• Rockaway Series:  Consists of gently sloping to very steep soils that have a fragipan in the lower part of the subsoil.  These soils are dominantly moderately well drained but in places are well drained.  They are on side slopes in the rough, stony and rocky Highlands.  The soils formed in glacial till derived mainly from granitic gneiss and from lesser amounts of conglomerate, sandstone and shale.  Permeability is moderate above and moderately rapid below the fragipan.  It is slow in the fragipan.  Available water capacity is moderate.  In excessively wet areas, water above the fragipan moves laterally.  A seasonal perched water table is at a depth of 1 ½ to 2 ½ feet for short periods.  The slowly permeable fragipan and perched water table limt the use of these soils for onsite septic filter fields.  Slips are a concern on road banks and on other slopes where the soil has been scalped and boulders on the surface are concerns where construction and landscaping are performed.  These soils are surrounded by rough and rocky areas that make accessibility for developments costly or economically prohibitive.
  • Urban Land:  Consists of areas that have been developed for residential, commercial or industrial use.  During development, these areas were leveled or cut and filled to such an extent that 40-80% of the original soil has been altered.
  • Preakness series:  Consists of deep, nearly level, poorly drained, loamy soils that have a water table to the surface later in winter and early in spring.  In most places these soils are subject to annual flooding.  They are in low positions on the landscape and receive much runoff from the surrounding higher areas.  The soils formed in glacial outwash derived mainly from granitic gneiss and lesser amounts of conglomerate, basalt, sandstone and shale.  Permeability is moderate in the surface layer, moderately rapid in the subsoil, and rapid in the substratum.  Available water capacity is moderate.
  • Otisville Series:  Consists of excessively drained soils that have a sandy and gravelly subsoil and substratum.  These gently sloping to steep soils are on sides of valleys.  They formed in glacial outwash derived mainly from granitic gneiss and lesser amounts of conglomerate, sandstone and shale.   Permeability is moderately rapid in the surface layer and upper part of the subsoil, and rapid in the lower part of the subsoil in the substratum.  The rapid permeability of the substratum is a potential hazard if the soil is used for onsite septic filter fields.  Available water capacity is low.  These soils are a source of gravel and sand.  Limitations for use in community, recreation and industrial development range from slight to severe depending on the use and the slope.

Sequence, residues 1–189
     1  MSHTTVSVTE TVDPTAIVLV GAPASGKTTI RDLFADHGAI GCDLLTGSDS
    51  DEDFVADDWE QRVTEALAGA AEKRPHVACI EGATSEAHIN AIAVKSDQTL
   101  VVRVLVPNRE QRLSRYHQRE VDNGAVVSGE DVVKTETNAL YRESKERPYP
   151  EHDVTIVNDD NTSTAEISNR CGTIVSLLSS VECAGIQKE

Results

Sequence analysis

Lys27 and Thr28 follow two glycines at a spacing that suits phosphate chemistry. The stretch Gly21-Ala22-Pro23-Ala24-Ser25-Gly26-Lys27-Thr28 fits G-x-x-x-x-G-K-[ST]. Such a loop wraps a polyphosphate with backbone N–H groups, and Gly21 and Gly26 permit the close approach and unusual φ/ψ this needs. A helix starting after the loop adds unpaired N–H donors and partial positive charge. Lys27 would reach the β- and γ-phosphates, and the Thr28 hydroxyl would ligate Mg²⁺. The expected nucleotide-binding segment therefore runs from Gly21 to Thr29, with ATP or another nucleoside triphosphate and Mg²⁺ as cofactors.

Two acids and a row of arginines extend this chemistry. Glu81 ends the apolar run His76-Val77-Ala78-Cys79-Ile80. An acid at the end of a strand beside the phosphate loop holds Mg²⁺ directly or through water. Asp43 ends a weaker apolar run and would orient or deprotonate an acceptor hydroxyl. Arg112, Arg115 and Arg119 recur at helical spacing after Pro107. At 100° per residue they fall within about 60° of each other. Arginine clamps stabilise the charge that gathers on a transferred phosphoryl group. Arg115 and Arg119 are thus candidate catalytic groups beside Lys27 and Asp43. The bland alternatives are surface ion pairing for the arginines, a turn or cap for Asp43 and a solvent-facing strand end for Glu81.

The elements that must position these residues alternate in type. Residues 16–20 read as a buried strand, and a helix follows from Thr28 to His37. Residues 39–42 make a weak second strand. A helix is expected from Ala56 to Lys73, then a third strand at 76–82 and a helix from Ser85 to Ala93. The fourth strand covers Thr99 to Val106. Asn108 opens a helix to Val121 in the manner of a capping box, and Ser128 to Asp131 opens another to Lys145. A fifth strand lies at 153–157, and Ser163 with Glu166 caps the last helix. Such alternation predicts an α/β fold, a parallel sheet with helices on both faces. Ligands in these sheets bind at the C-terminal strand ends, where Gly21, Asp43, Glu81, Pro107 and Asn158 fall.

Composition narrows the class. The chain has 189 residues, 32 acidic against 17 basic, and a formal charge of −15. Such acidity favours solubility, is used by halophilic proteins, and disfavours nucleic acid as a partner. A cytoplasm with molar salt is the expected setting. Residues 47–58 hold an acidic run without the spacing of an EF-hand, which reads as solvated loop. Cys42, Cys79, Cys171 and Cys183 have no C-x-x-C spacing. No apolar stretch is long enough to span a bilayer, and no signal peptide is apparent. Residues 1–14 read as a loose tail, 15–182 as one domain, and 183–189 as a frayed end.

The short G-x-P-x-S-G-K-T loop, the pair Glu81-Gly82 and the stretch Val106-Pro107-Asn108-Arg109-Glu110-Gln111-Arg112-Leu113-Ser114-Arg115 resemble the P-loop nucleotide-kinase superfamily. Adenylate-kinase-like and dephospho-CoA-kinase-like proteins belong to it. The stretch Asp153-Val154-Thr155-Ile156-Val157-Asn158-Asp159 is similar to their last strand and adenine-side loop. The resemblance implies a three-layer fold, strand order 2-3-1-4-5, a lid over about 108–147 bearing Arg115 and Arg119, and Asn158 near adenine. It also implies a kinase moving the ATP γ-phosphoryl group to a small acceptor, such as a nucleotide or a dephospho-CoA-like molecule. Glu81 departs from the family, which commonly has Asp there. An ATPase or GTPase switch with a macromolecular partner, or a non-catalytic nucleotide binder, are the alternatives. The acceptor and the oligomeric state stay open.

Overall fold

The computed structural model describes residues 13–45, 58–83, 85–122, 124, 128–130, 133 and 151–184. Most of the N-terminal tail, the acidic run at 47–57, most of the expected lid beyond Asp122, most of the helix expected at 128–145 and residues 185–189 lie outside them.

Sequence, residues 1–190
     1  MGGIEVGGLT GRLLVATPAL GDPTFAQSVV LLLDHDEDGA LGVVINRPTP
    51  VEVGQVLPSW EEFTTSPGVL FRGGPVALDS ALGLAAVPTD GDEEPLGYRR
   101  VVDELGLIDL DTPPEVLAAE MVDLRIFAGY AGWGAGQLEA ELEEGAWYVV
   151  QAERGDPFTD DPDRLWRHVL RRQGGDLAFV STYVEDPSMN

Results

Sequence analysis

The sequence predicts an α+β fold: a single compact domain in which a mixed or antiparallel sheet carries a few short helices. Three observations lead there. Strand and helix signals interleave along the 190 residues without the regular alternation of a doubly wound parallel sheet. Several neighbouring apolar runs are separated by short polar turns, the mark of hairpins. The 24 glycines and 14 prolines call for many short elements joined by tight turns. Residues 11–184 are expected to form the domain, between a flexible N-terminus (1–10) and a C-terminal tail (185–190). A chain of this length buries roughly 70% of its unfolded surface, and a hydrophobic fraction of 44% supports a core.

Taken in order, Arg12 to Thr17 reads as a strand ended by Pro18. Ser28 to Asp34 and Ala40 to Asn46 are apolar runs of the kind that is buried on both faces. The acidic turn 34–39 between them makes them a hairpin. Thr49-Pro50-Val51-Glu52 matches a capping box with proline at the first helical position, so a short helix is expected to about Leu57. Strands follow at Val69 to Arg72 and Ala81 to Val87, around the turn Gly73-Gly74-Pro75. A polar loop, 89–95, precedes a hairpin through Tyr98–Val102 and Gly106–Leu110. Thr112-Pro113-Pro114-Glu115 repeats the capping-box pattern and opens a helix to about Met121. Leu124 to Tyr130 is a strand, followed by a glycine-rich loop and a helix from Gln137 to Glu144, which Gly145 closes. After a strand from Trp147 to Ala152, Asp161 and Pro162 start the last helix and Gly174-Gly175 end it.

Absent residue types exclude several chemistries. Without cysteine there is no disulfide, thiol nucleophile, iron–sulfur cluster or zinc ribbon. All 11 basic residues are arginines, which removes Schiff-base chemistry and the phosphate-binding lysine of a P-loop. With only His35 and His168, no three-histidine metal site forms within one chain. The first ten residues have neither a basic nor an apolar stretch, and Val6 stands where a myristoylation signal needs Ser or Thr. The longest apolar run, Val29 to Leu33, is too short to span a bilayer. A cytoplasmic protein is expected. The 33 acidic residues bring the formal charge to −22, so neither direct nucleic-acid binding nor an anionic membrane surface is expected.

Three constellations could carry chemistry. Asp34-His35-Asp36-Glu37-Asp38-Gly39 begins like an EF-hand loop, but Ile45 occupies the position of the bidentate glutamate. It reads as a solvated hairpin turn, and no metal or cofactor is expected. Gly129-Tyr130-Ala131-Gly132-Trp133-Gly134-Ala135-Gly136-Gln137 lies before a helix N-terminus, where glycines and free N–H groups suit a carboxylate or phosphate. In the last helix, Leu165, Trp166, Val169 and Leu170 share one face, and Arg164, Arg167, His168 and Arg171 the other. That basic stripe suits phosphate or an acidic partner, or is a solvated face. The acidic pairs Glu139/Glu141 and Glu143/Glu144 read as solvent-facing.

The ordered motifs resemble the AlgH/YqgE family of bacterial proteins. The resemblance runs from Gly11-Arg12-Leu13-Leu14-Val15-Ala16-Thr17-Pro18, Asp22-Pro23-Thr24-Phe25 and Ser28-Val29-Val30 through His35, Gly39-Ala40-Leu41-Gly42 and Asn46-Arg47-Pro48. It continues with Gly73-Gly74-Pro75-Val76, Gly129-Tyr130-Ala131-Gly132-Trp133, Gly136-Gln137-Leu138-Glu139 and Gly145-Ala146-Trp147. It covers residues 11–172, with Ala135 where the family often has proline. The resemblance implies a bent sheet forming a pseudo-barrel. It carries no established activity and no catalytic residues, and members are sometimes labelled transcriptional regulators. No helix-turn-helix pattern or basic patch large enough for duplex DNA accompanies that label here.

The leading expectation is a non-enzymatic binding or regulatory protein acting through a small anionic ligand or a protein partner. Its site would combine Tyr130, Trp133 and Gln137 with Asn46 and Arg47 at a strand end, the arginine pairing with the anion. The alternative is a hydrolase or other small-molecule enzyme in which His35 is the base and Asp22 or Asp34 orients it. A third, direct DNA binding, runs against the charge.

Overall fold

• Hibernia Series:  Consists of extremely stony, somewhat poorly drained soils that have a fragipan in the lower part of the subsoil.  These gently sloping to strongly sloping soils occupy areas of the rough, stony and rocky Highlands.  These soils formed in glacial till derived mainly from granitic gneiss and lesser amounts of conglomerate, sandstone, and shale.  Permeability is moderate to moderately rapid above the fragipan and slow in the fragipan.  Water is perched over the fragipan from late in winter until early in spring.  Depth to the seasonally high water table is ½ to 1 ½ feet.  The dense, firm, slowly permeable fragipan and the seasonal perched water cause severe limitations for onsite septic filter fields.  Available water capacity is moderate.  Boulders and stone content cause severe limitations for development.